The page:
Turning Stem Cells from Fat into Blood Vessels
By BiotechDaily International staff writers
Posted on 13 Aug 2012
Autologous adult stem cells extracted via liposuction from fat tissue can provide the raw materials for growing tissue-engineered blood vessel (TEBV) in the lab, according to a new study.
Researchers at the University of Oklahoma (Norman, USA) first differentiated adipose-derived stem cells into smooth muscle cells (SMCs), and then seeded them onto a flat sheet of the human amniotic membrane--a very thin collagen membrane--used as a biological substrate to fabricate the small-diameter TEBVs. To develop a tubular construct similar to that of a muscular artery's tunica media layer, the cell-seeded sheet was wrapped around a 3-mm removable mandrel with six to seven revolutions. After a two-week static culture period, the fabricated TEBV was assessed for biochemical and mechanical properties.
The researchers examined and compared the contraction of the vessel in response to carbachol--a specific agonist for SMCs--to that of porcine coronary arteries; burst pressure and elastic modulus tests were also conducted. The researchers found that the thickness and architecture of the engineered vessel matched that of a porcine coronary artery in a histological analysis; it also performed better than the porcine vessel for elasticity in a tensile strength test. However, the burst pressure was too low, at about 150 mm Hg, while native tissue withstands 1,000 mm Hg. The problem, according to the researchers, appeared to be that the layers of the rolled-up vessel are not adhering well to one another.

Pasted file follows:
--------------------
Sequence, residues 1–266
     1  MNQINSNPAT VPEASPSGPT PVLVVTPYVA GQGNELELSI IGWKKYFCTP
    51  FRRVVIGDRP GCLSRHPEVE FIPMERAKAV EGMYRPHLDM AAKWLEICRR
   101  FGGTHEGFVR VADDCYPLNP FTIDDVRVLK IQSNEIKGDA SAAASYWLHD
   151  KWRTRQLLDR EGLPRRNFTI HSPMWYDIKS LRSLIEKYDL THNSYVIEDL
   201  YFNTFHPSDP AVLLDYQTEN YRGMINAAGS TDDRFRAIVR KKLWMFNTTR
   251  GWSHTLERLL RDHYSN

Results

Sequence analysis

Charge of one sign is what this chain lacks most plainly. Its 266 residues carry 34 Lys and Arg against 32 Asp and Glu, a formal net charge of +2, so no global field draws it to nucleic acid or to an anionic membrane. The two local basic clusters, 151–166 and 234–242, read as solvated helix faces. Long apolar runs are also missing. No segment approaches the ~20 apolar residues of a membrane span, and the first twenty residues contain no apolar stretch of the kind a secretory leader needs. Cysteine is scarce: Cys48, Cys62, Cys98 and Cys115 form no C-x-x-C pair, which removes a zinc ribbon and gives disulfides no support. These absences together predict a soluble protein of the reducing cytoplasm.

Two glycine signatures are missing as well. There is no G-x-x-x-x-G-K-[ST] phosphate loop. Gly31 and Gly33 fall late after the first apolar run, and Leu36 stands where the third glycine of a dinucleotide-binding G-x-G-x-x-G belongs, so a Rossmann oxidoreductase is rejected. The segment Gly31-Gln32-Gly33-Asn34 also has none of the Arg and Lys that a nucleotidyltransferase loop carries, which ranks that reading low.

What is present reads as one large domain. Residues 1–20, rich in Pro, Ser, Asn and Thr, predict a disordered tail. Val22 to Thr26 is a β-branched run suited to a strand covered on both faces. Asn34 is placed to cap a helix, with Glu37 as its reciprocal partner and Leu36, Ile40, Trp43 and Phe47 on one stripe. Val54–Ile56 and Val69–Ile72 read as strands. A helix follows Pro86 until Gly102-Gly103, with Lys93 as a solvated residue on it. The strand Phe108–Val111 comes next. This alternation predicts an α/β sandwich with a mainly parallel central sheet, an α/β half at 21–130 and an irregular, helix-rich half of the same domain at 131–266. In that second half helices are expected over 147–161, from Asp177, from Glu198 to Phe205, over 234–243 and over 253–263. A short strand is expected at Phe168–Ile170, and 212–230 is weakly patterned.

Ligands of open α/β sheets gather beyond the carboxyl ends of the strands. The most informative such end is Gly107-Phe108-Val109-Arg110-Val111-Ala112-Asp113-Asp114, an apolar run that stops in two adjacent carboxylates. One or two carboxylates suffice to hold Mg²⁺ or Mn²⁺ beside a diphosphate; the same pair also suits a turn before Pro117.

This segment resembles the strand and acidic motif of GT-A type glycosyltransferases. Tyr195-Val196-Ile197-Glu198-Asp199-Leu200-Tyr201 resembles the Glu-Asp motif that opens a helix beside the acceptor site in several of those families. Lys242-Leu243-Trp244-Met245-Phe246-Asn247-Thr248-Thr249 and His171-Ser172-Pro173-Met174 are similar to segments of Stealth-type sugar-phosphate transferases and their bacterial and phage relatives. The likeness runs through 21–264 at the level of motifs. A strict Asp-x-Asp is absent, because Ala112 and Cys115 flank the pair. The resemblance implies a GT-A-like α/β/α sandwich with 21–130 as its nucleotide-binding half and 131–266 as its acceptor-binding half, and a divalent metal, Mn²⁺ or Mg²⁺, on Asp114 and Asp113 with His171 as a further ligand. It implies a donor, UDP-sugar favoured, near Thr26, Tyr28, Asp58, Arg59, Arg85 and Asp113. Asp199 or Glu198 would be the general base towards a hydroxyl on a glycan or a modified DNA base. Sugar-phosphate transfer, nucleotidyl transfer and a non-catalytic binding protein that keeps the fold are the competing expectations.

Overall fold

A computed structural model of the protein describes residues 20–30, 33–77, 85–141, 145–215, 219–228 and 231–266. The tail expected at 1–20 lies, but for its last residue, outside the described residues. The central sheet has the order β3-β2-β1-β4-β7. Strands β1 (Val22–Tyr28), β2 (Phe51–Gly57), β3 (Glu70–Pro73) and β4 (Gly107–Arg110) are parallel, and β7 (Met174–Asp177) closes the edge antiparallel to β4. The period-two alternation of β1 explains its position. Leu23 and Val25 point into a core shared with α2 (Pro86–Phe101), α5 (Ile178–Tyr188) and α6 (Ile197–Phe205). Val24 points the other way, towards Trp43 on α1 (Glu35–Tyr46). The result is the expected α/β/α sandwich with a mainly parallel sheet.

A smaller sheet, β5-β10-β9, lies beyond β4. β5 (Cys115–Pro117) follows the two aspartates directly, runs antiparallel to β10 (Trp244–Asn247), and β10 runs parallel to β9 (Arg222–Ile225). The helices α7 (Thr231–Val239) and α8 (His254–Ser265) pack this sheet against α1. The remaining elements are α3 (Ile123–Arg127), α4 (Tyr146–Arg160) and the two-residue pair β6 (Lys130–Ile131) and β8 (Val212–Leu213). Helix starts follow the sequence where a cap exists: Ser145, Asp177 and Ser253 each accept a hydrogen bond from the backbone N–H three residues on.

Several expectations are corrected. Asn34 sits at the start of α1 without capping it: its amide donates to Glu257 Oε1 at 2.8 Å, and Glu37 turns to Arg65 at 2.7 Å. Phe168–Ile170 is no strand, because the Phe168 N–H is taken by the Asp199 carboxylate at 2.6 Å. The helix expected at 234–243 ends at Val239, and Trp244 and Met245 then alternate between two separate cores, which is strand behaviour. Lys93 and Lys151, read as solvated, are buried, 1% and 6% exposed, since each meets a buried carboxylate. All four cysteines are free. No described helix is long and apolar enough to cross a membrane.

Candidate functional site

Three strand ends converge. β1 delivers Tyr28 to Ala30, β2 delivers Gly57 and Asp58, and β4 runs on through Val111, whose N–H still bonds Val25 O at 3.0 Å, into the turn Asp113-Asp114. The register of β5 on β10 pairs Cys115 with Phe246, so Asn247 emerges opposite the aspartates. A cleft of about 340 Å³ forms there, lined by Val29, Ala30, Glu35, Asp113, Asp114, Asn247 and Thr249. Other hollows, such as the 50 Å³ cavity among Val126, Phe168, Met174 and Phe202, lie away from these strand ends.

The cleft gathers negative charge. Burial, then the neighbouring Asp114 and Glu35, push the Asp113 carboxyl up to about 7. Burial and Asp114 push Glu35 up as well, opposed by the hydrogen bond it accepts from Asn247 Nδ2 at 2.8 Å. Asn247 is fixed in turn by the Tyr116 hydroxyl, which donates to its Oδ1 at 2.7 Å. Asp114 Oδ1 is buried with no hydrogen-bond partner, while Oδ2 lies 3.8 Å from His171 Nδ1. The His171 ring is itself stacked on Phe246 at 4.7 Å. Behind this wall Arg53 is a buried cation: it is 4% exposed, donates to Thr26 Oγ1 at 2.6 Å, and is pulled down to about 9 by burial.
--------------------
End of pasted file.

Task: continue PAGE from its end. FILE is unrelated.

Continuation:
The researchers found that the mechanical integrity of the construct could be further improved by exposure to appropriate physiological conditions in a perfusion bioreactor, and that adipose-derived endothelial cells also could be seeded into the lumen of the construct to prevent platelet adhesion. The study was presented at the American Heart Association Basic Cardiovascular Sciences 2012 scientific sessions, held during July 2012 in New Orleans (LA, USA).
“These liposuction-derived vessels, grown in a lab, could help solve major problems associated with grafting blood vessels from elsewhere in the body or from using artificial blood vessels that are not living tissue,” concluded lead author and study presenter Matthias Nollert, PhD, and colleagues of the school of chemical, biological, and materials engineering. “Our engineered blood vessels have good mechanical properties and we believe they will contract normally when exposed to hormones.”
University of Oklahoma